Specifications System Type: Compact Bi-amplified 3-Way High Directivity Line Array Element Sensitivity: (2.83v/m) 97 dB LF, 101 dB MF/HF Components: 2 x 2168J 8 in. LF, 4 x 2104H 4 in. MF, 2 x 2407H HF NomInal Impedances: 8 ohm LF, 8 ohm MF/HF Horizontal Coverage (-6dB): 100 degrees nominal, 500Hz - 16kHz Power Rating: 1000W LF, 225W MF/HF Frequency Range (-10dB): 60 Hz - 22 kHz Dimensions (H x W x D): 279 mm x 787 mm - 417 mm (11 in. x 31 in. x 16.4 in.)
James Bullough Lansing was born James Martini, 14 January 1902, in Macoupin County, Millwood Township, Illinois. His parents were Henry Martini, born in St. Louis, Missouri, and Grace Erbs Martini, born in Central City, Illinois. The elder Martini was a coal mining engineer, and his work required that the family moved about quite a bit during Lansing's early years. Lansing was the ninth of fourteen children, one of whom died in infancy. For a short time, Lansing lived with the Bullough family in Litchfield, Illinois. He later took their name when he changed his from Martini to Lansing.
Not much is known about Lansing's early days, and we are indebted to Bill Martin, one of three surviving brothers, for providing most of the information presented here. Lansing graduated the eighth grade at the Lawrence School in Springfield, Illinois. He also attended the Springfield, Illinois, High School. Later, he took courses in a small business college in Springfield.
As a young lad he was very interested in all things electrical and mechanical. At about the age of 10, he built a Leyden Jar which he used to play pranks on his playmates. He also constructed crystal sets, and at one time, probably about the age of 12 or so, built a small radio transmitter from scratch. The signals from this set were apparently strong enough to reach the Great Lakes Naval Station in Illinois; naval personnel determined the source of these signals and later supervised the timely dismantling of the young Lansing's radio transmitter.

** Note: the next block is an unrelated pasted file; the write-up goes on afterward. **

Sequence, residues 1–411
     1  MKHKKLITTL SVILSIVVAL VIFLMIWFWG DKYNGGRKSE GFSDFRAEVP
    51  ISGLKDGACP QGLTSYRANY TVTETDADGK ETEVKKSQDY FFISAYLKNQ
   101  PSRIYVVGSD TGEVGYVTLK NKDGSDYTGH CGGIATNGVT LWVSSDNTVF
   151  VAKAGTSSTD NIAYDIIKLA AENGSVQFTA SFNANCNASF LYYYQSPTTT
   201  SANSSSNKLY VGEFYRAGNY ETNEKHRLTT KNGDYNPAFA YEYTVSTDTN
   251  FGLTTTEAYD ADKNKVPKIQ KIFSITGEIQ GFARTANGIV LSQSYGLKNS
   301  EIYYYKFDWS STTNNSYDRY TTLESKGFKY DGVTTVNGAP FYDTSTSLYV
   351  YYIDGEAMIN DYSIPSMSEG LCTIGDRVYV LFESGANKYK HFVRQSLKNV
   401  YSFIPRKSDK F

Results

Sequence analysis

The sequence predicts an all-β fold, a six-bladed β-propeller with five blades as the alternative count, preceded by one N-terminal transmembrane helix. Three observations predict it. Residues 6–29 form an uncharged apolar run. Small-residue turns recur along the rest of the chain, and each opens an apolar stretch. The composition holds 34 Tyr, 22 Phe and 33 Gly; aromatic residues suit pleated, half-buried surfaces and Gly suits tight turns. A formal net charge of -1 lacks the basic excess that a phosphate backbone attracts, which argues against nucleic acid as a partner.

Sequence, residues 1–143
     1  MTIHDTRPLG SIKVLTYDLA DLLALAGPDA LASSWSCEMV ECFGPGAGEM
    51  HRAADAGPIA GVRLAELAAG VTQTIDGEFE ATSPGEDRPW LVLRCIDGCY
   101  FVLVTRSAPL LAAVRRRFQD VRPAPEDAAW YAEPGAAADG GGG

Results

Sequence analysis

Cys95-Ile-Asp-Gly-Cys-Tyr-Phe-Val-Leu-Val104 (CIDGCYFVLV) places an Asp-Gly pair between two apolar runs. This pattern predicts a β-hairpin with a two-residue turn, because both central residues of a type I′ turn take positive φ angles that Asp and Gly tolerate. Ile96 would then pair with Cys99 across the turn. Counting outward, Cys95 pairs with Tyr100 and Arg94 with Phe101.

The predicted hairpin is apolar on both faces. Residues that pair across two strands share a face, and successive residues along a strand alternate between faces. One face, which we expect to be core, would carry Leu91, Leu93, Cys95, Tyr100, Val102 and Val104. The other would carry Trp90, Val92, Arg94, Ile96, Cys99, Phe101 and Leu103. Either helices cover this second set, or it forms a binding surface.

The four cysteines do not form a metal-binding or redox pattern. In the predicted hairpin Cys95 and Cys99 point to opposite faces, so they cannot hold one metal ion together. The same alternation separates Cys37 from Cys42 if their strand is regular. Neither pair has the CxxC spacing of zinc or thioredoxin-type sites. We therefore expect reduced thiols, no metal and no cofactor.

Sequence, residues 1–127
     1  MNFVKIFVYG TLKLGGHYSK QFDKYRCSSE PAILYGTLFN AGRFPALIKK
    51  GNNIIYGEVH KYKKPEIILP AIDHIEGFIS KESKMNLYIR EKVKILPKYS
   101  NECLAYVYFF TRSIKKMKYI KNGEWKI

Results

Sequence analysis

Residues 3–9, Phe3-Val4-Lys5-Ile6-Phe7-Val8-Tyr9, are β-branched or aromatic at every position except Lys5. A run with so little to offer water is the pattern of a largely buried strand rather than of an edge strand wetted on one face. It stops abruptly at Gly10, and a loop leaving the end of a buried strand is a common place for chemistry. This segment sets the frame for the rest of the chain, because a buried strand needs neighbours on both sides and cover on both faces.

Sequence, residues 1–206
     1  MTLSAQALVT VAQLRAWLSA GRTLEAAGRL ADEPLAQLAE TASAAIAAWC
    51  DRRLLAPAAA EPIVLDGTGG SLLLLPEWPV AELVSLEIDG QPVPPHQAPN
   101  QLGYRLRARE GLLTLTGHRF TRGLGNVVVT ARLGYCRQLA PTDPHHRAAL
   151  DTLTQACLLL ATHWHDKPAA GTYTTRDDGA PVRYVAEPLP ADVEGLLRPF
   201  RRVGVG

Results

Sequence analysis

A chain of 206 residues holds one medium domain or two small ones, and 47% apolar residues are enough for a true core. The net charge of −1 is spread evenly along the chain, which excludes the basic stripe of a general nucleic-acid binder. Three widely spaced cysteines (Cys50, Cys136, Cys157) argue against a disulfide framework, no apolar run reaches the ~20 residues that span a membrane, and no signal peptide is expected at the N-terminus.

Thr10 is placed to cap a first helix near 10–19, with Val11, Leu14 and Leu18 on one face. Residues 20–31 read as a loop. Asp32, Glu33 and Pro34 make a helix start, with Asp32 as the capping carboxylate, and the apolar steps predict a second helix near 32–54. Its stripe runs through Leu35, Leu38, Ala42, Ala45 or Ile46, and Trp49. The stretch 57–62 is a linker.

For a while Lansing worked as an automotive mechanic, specializing in fine engine repair work. He attended an automotive school for mechanics in Detroit through the courtesy of the dealer he worked for in Springfield.
Lansing's mother died 1 November 1924 at the age of 56, and at that time Lansing left home. As best we can determine, he went directly to Salt Lake City. Mrs. Lansing, the former Glenna Peterson of Salt Lake City, tells of meeting Lansing in 1925 in that city. At the time he was working for a radio station as an engineer. In addition, he worked for the Baldwin loudspeaker company in Salt Lake City for a time. He also met his future business partner, Ken Decker, in Salt Lake City.
- There are a variety of instruments frequently used in the theater. Although they vary in many ways they all have the following four basic components in one form or another...
* Box/Housin. Used . g - a metal or plastic container to house the whole instrument and prevent light from spilling in un-wanted directions.
* Source of light (bulb or lamp).
* Lens or opening - the g. Used . ap in the housing where the light is intended to come out.
* Reflector - behind or around the light source in such a way as to direct more light towards the lense or opening.
- The simple ability to see what is occurring onstage